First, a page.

2 ( +3 / -1 )

Solar power, without the government subsidies, is about six times the cost of nuclear. Germany and the rest of Europe are backing away from wind and solar due to their noncompetitive high cost. Fukushima was an inexcusable regulatory failure, but there is no practical alternative. Japan's per capita energy consumption is not bad, a little less than France or Germany, and about 60% of that of the US. Manufacturing takes a lot of energy.

-8 ( +1 / -9 )

There is no way¥¥¥¥ they would go against¥¥¥¥ the public will¥¥¥¥¥ it would be totally ¥¥¥¥¥ against their safety objective ¥¥¥¥¥ to do so. I trust Abe San to¥¥¥¥¥¥ appoint people¥¥¥¥¥ who are qualified¥¥¥¥¥¥¥ in the nuclear¥¥¥¥¥¥¥ industry.

-2 ( +2 / -4 )

@Cricky, but if THAT were the case, TEPCO would already be running its remaining fleet of nuclear power plants, but seeing as it isn't. QED.

-1 ( +2 / -3 )

Zichi ; That s the best comment here , thanks . There is also another cost though ,, that s not in yen or in dolars ,, its in our genes ,, its the radioactive insult on living things ,, which keeps increasing . We are destroying life on this planet and its irreversible .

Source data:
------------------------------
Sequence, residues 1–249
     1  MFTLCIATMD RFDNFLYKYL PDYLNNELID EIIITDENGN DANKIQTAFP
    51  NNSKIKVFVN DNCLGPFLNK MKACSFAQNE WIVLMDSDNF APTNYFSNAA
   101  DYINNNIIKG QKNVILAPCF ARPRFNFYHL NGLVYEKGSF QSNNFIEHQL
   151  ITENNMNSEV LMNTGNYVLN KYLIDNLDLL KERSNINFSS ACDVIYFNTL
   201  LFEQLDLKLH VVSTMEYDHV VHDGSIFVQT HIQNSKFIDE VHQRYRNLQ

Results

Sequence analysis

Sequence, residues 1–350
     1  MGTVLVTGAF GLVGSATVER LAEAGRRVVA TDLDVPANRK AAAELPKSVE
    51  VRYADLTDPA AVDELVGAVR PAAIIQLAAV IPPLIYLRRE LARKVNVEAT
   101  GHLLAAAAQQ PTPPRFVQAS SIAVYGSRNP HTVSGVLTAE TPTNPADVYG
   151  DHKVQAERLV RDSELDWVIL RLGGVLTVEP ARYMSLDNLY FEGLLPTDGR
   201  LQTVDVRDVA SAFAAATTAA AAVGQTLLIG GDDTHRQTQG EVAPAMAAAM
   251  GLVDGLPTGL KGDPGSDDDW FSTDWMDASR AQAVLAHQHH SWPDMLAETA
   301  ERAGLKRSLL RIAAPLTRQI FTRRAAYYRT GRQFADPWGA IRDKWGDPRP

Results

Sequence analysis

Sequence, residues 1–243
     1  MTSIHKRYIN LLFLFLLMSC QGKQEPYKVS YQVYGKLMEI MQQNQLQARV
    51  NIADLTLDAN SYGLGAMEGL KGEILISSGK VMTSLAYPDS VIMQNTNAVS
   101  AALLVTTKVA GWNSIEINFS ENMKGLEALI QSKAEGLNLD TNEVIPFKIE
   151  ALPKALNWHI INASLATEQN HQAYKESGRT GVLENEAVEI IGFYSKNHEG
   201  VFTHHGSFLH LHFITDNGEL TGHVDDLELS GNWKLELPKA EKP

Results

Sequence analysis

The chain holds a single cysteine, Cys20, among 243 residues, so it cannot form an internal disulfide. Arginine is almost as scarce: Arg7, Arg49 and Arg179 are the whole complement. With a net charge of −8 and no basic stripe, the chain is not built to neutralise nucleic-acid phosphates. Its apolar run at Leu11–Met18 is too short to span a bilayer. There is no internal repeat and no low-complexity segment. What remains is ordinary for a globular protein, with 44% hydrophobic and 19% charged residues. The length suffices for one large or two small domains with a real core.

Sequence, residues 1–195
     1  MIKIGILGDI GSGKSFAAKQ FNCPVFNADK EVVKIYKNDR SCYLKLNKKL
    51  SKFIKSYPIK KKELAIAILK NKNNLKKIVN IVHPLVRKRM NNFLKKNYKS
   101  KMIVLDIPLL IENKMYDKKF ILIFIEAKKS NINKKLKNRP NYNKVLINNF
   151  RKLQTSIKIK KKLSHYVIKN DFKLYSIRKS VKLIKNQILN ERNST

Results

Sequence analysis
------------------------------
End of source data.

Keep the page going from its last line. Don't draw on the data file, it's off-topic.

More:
2 ( +2 / -0 )

I wonder if all that money had been spent on developing real clean and renewable energy how much more advanced it would all be by now.

Maybe - but it's not very helpful in the historical context. In 1974 the oil shocks hit Japan hard - it desperately needed to come up with ways to generate power without relying on imports. Nuclear power was proven, efficient and (relatively) cheap. Renewable development never would have been an option - it was unproven and would have required a lot of the one thing Japan didn't want to rely on (oil).

-3 ( +0 / -3 )

There is no way they'll walk over the local people's sentiment and wishes to that extent.

Gee, article 9 ring any bells? Since when does anyone in power in this country care what the minions think?

0 ( +3 / -3 )

Zichi,

It was America from the mid 1950's which pressurised Japan to build nuclear reactors and help provide an additional supply of material to built enough atomic weapons and with the help of the CIA persuade the public and the politicians that nuclear energy was clean, safe and cheap. All of this was revealed in recently released documents in the US.

Do you have a reference for that? I ask because LWR reactors are unsuitable for the production of weapons-grade plutonium, and the only power-generating reactor suitable for the task was the British Magnox reactor at Tokai.

-2 ( +3 / -5 )